Studying the Bible as literature, history

I blogged Tuesday about Time magazine’s cover story on whether the Bible should be taught in public schools — as a cultural and historical document. More and more groups across the religious spectrum are supporting the idea.

Today, the new president of the National Association of Evangelicals, Leith Anderson, put his stamp on the new movement by endorsing The Bible and Its Influence, a textbook about the Bible that was prepared by the “Bible Literacy Project.”:http://www.bibleliteracy.org/Site/index.htm

He wrote:

“In The Bible and Its Influence, the Bible Literacy Project has produced an outstanding textbook that will both encourage literacy and open students’ minds to the significant role the Bible has played in shaping our modern civilization. With excellent scholarship, it provides a broad-based curriculum that explores the history, culture and content of the entire Bible and demonstrates the value and relevance of biblical literacy for today.”

The text is now being used by 83 school districts in 30 states. It’s been endorsed by Marc Stern of the American Jewish Congress, Archbishop Richard Sklba of Milwaukee (representing the U.S. Catholic Bishops Conference), evangelical bigwig Charles Colson and many others.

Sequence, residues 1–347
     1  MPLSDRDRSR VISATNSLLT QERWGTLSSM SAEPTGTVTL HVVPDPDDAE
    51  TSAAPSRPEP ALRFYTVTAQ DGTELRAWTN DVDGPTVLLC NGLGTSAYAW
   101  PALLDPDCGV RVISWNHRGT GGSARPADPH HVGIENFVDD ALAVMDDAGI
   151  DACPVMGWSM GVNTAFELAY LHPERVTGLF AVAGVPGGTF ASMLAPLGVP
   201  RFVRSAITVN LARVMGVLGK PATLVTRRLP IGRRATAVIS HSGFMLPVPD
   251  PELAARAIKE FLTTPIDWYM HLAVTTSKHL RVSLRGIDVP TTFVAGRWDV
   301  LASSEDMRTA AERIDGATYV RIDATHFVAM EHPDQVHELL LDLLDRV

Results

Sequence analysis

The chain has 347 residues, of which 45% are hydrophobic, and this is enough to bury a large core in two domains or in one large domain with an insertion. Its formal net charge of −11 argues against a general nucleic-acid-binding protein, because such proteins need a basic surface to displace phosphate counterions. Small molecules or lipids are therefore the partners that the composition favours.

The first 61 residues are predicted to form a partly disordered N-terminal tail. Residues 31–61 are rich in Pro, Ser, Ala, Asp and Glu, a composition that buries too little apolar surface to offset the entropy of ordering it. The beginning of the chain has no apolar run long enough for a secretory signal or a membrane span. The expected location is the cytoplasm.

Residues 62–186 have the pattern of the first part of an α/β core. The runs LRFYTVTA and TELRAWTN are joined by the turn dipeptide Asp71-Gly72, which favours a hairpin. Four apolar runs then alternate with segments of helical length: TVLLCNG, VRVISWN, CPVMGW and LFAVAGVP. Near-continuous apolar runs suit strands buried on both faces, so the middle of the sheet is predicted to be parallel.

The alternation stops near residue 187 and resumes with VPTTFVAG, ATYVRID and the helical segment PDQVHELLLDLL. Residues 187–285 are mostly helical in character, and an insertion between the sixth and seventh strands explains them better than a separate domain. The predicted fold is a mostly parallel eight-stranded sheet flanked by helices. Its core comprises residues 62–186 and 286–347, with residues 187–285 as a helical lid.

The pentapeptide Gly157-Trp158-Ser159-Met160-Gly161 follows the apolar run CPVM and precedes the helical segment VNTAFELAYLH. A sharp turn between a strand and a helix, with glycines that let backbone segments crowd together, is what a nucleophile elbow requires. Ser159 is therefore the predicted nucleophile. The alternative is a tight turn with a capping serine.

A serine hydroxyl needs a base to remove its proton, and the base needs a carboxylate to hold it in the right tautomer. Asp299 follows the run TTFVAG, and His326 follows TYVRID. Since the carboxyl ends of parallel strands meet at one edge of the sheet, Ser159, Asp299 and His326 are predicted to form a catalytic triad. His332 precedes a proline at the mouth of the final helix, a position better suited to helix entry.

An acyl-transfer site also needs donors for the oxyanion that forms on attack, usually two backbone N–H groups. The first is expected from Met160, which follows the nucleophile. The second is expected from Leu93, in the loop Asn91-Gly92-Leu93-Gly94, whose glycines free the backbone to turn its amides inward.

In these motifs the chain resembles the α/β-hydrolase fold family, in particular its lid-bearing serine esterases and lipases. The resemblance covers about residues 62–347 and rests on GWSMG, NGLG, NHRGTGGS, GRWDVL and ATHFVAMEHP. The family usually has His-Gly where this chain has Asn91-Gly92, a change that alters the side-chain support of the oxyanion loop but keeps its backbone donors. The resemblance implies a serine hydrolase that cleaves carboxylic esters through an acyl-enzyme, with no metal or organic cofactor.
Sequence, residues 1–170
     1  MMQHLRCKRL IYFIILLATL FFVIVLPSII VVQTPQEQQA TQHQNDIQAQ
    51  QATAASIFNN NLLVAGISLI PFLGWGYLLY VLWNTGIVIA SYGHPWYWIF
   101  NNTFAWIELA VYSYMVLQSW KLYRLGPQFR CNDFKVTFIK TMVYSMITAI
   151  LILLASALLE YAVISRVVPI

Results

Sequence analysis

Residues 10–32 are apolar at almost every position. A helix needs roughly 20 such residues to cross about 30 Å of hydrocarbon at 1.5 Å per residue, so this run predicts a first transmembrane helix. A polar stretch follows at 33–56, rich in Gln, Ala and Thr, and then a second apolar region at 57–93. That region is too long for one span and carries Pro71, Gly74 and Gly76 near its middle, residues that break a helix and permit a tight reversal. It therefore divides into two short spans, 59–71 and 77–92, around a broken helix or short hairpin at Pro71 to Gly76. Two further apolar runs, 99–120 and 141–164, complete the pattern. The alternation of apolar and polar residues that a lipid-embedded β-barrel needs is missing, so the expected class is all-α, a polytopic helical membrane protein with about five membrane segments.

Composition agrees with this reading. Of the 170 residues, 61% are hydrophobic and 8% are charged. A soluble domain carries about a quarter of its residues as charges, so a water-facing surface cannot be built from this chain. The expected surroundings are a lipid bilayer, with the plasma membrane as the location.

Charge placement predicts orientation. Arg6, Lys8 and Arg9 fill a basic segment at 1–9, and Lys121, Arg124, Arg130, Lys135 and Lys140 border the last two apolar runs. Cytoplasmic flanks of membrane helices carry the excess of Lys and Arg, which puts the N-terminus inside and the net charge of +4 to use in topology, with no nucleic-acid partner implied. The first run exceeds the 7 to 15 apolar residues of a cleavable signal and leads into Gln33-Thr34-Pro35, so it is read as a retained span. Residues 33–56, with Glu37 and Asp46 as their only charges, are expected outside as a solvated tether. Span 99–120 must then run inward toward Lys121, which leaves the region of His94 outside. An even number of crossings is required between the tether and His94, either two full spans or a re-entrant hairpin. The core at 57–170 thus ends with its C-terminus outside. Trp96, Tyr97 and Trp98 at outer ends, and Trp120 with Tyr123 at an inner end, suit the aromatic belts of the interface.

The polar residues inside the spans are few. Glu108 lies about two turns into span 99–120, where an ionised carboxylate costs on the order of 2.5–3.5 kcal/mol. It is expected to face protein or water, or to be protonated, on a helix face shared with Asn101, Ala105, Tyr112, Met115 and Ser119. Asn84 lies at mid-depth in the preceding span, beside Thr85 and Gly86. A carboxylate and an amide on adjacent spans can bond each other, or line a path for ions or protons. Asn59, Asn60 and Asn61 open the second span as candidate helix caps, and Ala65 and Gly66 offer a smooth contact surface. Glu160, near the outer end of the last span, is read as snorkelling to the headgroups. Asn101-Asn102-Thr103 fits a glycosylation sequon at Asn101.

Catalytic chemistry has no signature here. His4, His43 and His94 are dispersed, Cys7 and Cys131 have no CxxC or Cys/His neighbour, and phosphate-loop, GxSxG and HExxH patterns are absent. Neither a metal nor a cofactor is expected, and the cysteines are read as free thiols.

The magazine of the New York State School Boards Association gave the text a very positive “review.”:http://www.bibleliteracy.org/Site/News/bibl_newsNYSchoolBoard060731.htm

Additionally, the “National Council on Bible Curriculum in Public Schools”:http://www.bibleinschools.net/sdm.asp has produced a Bible curriculum called “The Bible in History and Literature” that is now being used in 380 school districts in 37 states (NOT including New York). The curriculum has been used in elective courses in 1,500 high schools, according to the NCBCPS.

Gary Stern

Gary Stern covered education in the Lower Hudson Valley for several years during the early 1990s. Now's he back on the beat. He believes that schools are one of the main reasons that people live around here and that educational issues -- from curriculum to financing -- are among the most challenging things that journalists can write about. He continues to be amazed by the complexity of educational jargon. Gary got his B.A. at SUNY Buffalo and his M.A. from the University of Missouri Journalism School (where his master's thesis was about the best ways to cover education). He lives in White Plains with his wife and two sons, who attend public schools.